Ricky Trooper under US probe

UNITED States authorities maintain that Jamaican music selector Ricky Trooper had a real gun in his now infamous video monologue in which he abused Prime Minister Bruce Golding, some people in the entertainment industry and instructed that the recording be placed on YouTube.

The selector, whose real name is Garfield Augustus McKoy, is one of five prominent Jamaican members of the entertainment fraternity who lost their United States visas recently.

Trooper, ace deejays Beenie Man, Bounty Killer, Mavado and Aidonia had their visas revoked by the United States at the end of March, resulting in losses to them of hundreds of thousands of US dollars, due to several cancelled shows and performances.

While the reason for the other entertainers is different, for Trooper, his tirade on YouTube during a visit to Atlanta forced authorities to rein him in.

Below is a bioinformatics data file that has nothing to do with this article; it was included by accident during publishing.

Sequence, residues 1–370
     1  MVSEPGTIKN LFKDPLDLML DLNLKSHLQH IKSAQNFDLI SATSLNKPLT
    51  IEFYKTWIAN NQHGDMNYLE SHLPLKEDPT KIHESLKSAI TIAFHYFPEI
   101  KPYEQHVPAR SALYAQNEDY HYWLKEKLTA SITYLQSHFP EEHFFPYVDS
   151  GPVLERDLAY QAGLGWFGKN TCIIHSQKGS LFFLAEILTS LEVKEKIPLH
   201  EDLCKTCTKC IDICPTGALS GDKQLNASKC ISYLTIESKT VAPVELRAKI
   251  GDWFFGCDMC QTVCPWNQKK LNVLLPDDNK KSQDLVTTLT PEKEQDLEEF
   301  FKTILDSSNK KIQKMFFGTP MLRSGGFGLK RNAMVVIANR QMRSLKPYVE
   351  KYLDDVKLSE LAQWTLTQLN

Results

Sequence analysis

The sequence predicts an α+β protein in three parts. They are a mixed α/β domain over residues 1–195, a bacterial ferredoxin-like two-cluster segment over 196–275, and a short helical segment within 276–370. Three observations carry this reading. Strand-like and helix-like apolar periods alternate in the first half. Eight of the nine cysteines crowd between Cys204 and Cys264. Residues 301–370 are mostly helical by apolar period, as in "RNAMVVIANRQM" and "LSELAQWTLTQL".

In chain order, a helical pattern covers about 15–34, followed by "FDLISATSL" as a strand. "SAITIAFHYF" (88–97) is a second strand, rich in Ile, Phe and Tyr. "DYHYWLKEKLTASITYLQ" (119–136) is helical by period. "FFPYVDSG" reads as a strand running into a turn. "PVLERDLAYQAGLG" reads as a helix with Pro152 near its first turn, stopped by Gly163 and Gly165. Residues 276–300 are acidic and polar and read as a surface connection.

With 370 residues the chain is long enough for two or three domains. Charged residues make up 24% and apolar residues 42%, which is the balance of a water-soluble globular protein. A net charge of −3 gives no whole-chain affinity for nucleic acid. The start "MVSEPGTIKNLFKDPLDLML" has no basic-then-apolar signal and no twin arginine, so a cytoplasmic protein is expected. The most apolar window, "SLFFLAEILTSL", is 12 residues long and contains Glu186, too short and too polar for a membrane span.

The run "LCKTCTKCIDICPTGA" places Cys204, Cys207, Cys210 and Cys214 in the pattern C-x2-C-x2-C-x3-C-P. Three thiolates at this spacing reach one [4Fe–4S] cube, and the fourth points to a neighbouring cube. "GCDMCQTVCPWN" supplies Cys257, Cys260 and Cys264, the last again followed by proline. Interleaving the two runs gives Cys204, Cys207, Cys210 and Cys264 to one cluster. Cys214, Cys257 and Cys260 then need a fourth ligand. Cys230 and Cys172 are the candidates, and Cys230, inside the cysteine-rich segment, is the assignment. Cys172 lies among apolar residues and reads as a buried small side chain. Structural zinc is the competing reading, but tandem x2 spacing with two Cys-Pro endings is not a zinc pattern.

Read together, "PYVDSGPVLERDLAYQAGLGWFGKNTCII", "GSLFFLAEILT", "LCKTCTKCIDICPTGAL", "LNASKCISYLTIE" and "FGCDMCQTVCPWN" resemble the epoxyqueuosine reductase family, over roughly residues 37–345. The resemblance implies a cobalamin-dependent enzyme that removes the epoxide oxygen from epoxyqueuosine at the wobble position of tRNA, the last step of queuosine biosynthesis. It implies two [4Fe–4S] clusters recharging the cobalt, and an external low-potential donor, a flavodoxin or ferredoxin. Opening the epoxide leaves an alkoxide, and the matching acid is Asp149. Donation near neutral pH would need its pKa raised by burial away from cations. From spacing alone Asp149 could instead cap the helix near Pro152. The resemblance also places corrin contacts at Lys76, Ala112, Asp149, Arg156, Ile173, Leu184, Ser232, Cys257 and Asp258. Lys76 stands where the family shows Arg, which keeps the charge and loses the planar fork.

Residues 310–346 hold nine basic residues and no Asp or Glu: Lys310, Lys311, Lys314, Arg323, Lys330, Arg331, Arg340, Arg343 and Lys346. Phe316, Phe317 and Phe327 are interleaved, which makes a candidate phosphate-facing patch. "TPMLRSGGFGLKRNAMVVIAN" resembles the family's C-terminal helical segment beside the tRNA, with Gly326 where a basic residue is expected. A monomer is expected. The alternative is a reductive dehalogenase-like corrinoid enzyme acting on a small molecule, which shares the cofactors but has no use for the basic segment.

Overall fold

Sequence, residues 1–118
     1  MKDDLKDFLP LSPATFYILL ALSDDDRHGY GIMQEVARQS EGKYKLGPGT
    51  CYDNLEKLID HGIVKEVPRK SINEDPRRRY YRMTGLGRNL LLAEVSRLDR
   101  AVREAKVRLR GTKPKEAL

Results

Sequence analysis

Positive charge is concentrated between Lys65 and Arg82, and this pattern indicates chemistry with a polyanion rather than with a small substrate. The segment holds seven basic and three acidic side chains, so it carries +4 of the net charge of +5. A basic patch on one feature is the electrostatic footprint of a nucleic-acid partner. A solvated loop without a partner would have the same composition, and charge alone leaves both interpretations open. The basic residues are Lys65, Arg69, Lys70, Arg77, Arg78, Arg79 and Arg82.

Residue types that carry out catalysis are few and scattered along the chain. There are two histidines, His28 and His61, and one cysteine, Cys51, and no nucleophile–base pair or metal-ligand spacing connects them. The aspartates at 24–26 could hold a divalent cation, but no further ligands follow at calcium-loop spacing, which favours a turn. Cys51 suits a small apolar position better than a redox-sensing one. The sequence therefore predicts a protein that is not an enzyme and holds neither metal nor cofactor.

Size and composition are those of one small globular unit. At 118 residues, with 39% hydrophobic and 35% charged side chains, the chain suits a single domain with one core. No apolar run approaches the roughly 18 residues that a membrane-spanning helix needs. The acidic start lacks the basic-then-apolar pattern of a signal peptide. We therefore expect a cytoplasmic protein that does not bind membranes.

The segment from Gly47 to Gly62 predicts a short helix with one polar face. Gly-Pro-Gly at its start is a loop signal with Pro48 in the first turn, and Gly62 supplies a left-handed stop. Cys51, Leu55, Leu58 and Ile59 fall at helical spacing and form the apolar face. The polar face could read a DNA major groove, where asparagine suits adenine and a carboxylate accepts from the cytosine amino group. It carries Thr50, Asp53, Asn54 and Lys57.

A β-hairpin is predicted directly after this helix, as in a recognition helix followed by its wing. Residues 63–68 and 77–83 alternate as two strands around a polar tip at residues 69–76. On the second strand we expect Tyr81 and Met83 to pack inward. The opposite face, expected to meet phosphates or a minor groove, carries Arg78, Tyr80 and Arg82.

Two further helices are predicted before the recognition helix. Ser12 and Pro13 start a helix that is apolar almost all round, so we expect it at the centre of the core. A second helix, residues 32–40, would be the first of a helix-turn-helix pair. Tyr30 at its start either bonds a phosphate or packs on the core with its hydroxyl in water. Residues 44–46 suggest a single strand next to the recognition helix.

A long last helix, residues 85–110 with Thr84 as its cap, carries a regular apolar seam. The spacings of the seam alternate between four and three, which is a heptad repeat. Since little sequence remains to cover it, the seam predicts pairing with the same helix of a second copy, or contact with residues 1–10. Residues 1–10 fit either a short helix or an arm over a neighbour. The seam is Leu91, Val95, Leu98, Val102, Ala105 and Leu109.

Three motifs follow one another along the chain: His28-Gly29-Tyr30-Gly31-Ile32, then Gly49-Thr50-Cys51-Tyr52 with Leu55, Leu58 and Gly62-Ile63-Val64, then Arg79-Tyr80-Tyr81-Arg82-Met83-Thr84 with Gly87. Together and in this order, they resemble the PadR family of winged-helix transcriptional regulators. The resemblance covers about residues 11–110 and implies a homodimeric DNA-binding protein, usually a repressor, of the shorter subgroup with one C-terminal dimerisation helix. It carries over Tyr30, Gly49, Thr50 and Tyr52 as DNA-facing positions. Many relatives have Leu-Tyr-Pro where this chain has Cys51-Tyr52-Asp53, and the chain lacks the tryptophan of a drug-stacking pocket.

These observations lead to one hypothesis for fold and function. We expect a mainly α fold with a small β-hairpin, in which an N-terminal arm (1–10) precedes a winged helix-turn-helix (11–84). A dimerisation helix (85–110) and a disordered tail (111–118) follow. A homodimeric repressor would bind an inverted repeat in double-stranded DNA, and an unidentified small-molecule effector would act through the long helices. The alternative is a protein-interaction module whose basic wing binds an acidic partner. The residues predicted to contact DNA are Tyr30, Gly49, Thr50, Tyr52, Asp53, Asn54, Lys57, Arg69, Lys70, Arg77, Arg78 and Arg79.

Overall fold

“We are convinced that he had a real gun,” a US Government official who is close to the matter told the Sunday Observer in a telephone interview last week.

“We looked at the gun from all angles, using the latest technology. We stopped the frame, examined it closely, removed sections of his body, like the hand, enlarged the picture and it was real, no fake at all.

“We were trying to get the specs of the gun and spotted something that looked like a serial number which led us to make certain recommendations, regarding action to be taken against him,” the official said on condition of anonymity.

Asked if further action would be taken against the selector, the official said that additional investigations were being conducted and a determination would be made soon, which could involve a collaborative approach with Jamaican law enforcers.

Acting deputy commissioner of police in charge of operations Glenmore Hinds told the Sunday Observer that no formal request has yet come from the United States, but if that were to happen, the Jamaica Constabulary would be obliged to comply and co-operate with their northern neighbours.